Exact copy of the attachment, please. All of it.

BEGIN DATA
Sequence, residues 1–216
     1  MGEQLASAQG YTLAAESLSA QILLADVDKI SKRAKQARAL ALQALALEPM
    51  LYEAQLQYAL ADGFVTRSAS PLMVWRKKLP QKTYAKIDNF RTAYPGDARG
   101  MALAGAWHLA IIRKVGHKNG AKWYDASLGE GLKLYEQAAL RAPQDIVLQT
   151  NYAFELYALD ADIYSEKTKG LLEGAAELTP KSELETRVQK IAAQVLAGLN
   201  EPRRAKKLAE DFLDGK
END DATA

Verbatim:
Sequence, residues 1–216
     1  MGEQLASAQG YTLAAESLSA QILLADVDKI SKRAKQARAL ALQALALEPM
    51  LYEAQLQYAL ADGFVTRSAS PLMVWRKKLP QKTYAKIDNF RTAYPGDARG
   101  MALAGAWHLA IIRKVGHKNG AKWYDASLGE GLKLYEQAAL RAPQDIVLQT
   151  NYAFELYALD ADIYSEKTKG LLEGAAELTP KSELETRVQK IAAQVLAGLN
   201  EPRRAKKLAE DFLDGK